“He’s always had really big potential, and he’s progressed year after year,” Vermes said of the young Colombian, who has become a fixture in the XI after spending two years adjusting to Sporting’s fitness demands. “We always knew the quality was there. It was just, ‘When’s it all going to come together?’ And it is, last season and now this season. He’s really adding a lot to the team.”
After moving to left back in 2016 and recording career highs of 28 appearances and 22 starts, Medranda has become Vermes’ first choice on the wing in 2017. He has made five starts there so far this year, with two more starts in an attacking midfielder role when playmaker Benny Feilhaber was out with a hamstring strain.
That’s seven starts in seven matches for the 23-year-old, now in his fifth MLS season, and with each one Medranda’s confidence keeps growing – and so does his teammates’ confidence in him.
“You still haven’t seen the best of him, either,” center forward Dom Dwyer told reporters on Wednesday. “He’s still kind of finding his way. He’s played quite a few different positions. So he’s getting into the flow of things. He’s a very talented player, another good left foot. The next part of his game is to add some goals to it.”
Medranda is just happy to be a regular contributor anywhere on the pitch – though he does acknowledge that winger is his preferred spot.
“It’s the position that I played all my life, so I feel more comfortable,” he said. “But when I play left back, I feel good too. Wherever they put me, I will respond with the same effort.”
That’s the sort of attitude and versatility Vermes – who rates Medranda and right back Graham Zusi as the two most versatile players he’s ever managed – prizes. And, not coincidentally, it was Zusi’s move from right wing to fullback this season that opened the way for Medranda.
“Jimmy’s just a good soccer player,” center back and captain Matt Besler said. “He understands the game. He understands the areas of the field that he can find himself to be most effective. He has something on the ball that a lot of players don’t have: his ability to cut and to keep the ball in tight areas of the field, which has been very valuable for us.”
Zusi’s move was only one reason for Medranda’s shift to the veteran’s old spot, though. Another big reason, Medranda said, was learning to relax and not try too hard.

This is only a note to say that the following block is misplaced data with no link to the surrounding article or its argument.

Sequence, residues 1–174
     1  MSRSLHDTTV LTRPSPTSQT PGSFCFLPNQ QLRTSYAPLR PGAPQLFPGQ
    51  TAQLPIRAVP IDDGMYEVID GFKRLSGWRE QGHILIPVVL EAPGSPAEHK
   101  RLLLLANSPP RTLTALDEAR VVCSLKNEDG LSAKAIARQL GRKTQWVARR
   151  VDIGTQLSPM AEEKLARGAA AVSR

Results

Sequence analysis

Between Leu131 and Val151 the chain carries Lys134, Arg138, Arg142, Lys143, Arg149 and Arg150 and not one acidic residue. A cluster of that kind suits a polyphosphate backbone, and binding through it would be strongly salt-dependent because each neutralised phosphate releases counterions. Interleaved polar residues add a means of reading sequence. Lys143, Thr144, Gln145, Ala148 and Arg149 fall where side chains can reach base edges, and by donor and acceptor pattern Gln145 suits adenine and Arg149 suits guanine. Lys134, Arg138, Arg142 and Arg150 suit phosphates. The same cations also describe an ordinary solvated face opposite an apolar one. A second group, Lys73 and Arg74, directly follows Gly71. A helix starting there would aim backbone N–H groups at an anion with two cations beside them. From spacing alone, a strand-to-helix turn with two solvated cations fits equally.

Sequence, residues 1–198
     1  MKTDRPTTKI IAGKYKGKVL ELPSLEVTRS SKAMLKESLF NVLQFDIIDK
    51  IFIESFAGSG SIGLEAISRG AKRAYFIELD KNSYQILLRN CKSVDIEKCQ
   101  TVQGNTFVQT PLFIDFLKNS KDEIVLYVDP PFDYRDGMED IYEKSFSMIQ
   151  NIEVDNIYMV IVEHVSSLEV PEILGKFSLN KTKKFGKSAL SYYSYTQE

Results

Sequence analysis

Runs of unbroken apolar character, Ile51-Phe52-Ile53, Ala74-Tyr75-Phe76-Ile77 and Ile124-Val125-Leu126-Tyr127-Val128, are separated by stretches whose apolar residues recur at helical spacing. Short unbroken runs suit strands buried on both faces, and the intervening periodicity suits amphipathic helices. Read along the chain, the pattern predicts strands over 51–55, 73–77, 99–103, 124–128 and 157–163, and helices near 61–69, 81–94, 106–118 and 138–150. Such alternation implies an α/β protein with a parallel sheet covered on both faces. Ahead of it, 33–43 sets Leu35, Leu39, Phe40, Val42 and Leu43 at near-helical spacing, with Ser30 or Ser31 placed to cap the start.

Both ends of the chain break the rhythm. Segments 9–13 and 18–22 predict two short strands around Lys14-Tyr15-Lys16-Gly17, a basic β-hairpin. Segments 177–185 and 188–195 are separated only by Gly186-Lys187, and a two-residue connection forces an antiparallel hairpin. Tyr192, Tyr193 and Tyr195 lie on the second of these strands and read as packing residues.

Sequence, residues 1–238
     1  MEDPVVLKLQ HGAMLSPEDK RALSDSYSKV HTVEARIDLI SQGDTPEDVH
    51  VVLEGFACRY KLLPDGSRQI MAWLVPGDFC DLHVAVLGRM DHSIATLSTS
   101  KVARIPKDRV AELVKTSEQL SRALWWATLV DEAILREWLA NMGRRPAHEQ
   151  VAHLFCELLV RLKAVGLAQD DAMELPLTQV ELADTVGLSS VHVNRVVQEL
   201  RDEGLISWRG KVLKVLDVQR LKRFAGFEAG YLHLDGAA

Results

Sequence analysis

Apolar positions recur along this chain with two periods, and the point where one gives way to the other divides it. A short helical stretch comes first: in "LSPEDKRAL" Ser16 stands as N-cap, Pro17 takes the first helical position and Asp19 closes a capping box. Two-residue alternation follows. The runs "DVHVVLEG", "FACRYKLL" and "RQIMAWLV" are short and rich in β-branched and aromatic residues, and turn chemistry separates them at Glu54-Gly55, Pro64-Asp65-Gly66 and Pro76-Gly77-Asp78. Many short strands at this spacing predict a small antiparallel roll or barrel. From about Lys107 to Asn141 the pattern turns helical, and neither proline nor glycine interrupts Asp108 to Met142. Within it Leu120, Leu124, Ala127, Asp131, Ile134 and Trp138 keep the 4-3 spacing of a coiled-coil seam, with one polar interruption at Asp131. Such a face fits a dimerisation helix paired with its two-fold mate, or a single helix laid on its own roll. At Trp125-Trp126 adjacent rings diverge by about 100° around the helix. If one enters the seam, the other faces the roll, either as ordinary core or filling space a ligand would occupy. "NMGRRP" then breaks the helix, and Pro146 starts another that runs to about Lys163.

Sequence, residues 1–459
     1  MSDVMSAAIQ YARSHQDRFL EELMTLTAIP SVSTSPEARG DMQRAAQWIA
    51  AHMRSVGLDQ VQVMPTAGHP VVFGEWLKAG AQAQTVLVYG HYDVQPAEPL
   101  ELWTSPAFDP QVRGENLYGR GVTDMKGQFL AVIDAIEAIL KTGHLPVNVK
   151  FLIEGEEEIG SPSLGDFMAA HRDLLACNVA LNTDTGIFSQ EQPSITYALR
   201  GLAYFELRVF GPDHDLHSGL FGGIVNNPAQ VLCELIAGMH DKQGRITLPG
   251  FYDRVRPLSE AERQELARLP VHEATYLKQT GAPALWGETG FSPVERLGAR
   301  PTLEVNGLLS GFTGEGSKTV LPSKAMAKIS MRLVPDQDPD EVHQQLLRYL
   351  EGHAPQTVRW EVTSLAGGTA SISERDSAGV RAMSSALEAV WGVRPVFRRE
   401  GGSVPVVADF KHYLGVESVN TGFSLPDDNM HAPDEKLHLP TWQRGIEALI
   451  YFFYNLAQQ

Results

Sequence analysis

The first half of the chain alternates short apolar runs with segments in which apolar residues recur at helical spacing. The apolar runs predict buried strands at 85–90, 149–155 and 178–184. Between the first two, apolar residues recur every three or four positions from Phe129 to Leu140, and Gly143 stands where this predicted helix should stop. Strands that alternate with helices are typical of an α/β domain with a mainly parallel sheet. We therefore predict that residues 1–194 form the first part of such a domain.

“I wasn’t starting with the team, so I wanted to show Peter – you want to do more, and when you don’t play relaxed, it doesn’t play in your favor,” he said. “But I kept working and Peter gave me the confidence, and I think I’m responding.”
Medranda also has shown increasingly spot-on distribution skills – especially with his left foot, both from the left side or in an inverted or crossover role – as he continues to jell with fellow winger Gerso Fernandes and center forward Dwyer.
Everything came together two weeks ago in a 1-0 away victory over the Portland Timbers, when Medranda took a pass from Feilhaber and whipped in a spot-perfect cross that Dwyer – under heavy marking – headed in for the match-winner against the Supporters’ Shield leaders.
“That was a very difficult ball, and he put it right on my head,” Dwyer said. “A lot of guys would just shoot it from there, so credit to him for putting that ball in there.”
Midfielder Roger Espinoza, who has become a mentor to Medranda, said the Colombian's continued emergence and increasing importance – in two quite different areas of the pitch – is both a credit to the player and to the club that first brought him in on loan from Colombian side Deportivo Pereira as a 19-year-old prospect in August 2013.
“I would say if young players want to wind up at a club, this would be the perfect club," Espinoza said. "They worry about the players they bring in. They want you to play. They want you to get experience. Jimmy’s one of them. They developed him here since a very young age, and it’s because the club is like that that kids go, ‘The club cares about me, and I’m going to take responsibility.’”
And, Vermes said, Medranda likely will be asked to take even more responsibility as his career progresses – as he was when Feilhaber had to sit out with hamstring tightness.
“I think [winger is] a good place for him, but I still think he’s a good midfielder,” Vermes said. “He’s done very well for us there. He was great in those games. The only thing there is that it’s a little bit different gas tank, and that’s what he’s still trying to build there.”